Match.com – let me go! Hell hath no fury like a woman who has mourned…and moved on.
We had fun, lots of laughs, but it’s over. You, too, eHarmony. Stop emailing me. I don’t care who made me their Favorite or that I have unread emails or how many Likes my photo received. My photo shouldn’t be visible. I’m gone. Outta’ there. Take down my profile!
Plying potential customers with technical catnip must work for Match because I’ve been receiving emails almost daily since I canceled my subscription. The very service that helped me find love, seems intent on destroying the relationship. Similar to a monthly bank statement, Match emails me regularly – “Your weekly interest summary” with the tally for all the Winks, Likes, Emails and Favorites I received — and a hyperlink to respond and rejoin. Then there are the daily emails: “No subscription? No problem. Attend a Stir Event!” and all the personalized emails: “Someone in Merrick chose you!” “He likes you!” “Someone emailed you at 9:06 a.m.” Clearly they want to keep the pond stocked, even if this fish isn’t catchable.
eHarmony is equally infuriating. “You’ve got 2 matches!” Though their emails aren’t as many, the intent seems more egregious because they do the matching for their customers. How can they offer a non-member “match” to their customers? That’s just a big bowl of wrong. When I logged into my account, I was directed to a page that announced: “Hi paula (the lower case ‘p’ theirs) and welcome! Our new site is easier to use, more personalized, and smarter than ever. Please, take a look around at the new eHarmony. And it’s okay to stare – so get a feel for it.” I clicked. “This is where the magic happens. All your matches’ activity will post here. Go ahead and take a peek:” Every next page featured the “Upgrade Your Membership” hyperlink. In my profile, I clicked on the tab for my Matches and a page populated with dozens of faux photos (squares with the same male silhouette); when you clicked on the square it flipped to reveal his first name, age and town. Interspersed among the silhouettes were ad squares: “Upgrade to see photos,” “Picture this, no silhouettes when you upgrade,” “Upgrade today to communicate with your matches.”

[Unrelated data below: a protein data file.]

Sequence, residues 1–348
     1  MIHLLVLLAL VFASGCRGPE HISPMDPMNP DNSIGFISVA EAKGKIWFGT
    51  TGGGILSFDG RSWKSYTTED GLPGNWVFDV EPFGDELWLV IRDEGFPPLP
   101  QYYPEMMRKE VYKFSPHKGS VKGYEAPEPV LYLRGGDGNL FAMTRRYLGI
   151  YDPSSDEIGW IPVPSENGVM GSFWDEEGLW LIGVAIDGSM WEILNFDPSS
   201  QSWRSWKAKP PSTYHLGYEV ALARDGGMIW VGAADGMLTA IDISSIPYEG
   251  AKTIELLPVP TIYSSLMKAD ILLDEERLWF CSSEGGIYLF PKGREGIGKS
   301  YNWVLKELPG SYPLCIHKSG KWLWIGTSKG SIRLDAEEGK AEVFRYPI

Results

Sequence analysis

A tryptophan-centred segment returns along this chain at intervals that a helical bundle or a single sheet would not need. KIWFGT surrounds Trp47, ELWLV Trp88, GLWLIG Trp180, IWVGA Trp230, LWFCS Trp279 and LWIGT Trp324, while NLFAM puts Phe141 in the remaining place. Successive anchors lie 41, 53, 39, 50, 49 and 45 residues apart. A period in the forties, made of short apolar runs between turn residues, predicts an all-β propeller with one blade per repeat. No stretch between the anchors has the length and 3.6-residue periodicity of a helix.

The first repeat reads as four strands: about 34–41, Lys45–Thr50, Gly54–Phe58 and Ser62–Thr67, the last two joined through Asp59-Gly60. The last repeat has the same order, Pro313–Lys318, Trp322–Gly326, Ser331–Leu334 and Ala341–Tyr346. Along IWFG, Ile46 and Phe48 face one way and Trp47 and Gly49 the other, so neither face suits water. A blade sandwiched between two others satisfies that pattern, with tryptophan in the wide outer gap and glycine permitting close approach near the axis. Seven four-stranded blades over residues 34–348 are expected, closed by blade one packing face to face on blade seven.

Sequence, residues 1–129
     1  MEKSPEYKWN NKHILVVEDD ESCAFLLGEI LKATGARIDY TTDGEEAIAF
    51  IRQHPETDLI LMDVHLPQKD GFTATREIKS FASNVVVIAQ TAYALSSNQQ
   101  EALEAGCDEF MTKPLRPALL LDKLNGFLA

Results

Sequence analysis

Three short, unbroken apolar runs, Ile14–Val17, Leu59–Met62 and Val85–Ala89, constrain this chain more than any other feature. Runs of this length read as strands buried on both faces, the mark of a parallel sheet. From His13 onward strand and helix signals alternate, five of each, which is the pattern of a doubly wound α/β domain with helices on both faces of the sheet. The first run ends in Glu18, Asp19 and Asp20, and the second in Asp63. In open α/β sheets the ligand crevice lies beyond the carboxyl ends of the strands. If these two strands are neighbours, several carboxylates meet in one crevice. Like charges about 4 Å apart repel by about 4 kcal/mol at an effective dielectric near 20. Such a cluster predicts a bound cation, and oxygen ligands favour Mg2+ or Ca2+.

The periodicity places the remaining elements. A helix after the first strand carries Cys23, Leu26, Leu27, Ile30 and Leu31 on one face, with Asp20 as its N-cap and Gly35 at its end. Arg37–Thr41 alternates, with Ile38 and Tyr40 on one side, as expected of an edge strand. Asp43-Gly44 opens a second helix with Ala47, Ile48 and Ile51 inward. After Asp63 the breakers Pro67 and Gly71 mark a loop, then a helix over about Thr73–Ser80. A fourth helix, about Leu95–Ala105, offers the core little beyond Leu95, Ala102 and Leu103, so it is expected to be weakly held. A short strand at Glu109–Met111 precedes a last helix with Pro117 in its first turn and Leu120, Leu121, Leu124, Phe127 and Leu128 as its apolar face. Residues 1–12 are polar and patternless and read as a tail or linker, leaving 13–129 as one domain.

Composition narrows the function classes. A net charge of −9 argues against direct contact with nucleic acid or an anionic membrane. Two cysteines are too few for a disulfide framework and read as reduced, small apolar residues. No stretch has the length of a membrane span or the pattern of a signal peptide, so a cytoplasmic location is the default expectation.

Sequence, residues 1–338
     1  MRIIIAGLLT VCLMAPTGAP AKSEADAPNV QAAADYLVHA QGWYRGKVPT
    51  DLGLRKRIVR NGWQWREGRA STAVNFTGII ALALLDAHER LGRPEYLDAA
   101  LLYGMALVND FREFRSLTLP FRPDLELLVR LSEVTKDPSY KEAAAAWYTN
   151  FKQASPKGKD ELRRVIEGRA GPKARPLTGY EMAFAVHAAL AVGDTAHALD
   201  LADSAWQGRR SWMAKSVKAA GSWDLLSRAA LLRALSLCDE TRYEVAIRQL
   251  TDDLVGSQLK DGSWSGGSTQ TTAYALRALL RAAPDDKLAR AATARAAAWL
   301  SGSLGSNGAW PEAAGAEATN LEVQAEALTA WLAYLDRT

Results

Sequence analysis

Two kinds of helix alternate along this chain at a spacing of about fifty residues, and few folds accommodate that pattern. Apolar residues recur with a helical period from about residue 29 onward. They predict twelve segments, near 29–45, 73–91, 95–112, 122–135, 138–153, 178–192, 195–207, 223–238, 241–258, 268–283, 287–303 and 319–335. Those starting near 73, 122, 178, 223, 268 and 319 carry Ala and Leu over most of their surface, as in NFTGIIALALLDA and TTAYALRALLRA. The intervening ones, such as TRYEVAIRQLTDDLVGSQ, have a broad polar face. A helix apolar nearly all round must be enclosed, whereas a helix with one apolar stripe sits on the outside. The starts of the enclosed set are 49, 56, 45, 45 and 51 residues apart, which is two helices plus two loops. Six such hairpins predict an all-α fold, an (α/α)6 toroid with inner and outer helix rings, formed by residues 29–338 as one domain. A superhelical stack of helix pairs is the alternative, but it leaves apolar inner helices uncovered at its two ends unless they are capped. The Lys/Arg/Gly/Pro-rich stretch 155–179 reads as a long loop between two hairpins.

As I’ve blogged before, I canceled both subscriptions a long time ago. For Match, I typed a lovely ‘thank you’ note in my online exit survey, explaining how grateful I was to have met such a wonderful man. I terminated my membership with exclamation points and a smiley face emoticon – I was a satisfied customer.
The tone of our communications has changed. In my latest email to Match I noted: “I have friends who are members and will monitor the status of my profile,” requesting one of their Customer Care representatives contact me immediately to confirm my profile has been removed. Minutes later, I was unable to partially log into my account, as I’d done earlier when checking to see if I was still “out there.” Now they know I mean business.
Keep all your ‘Come Back’ deals, I’m happy and in love. Hell hath no fury like a woman who has mourned…and moved on.
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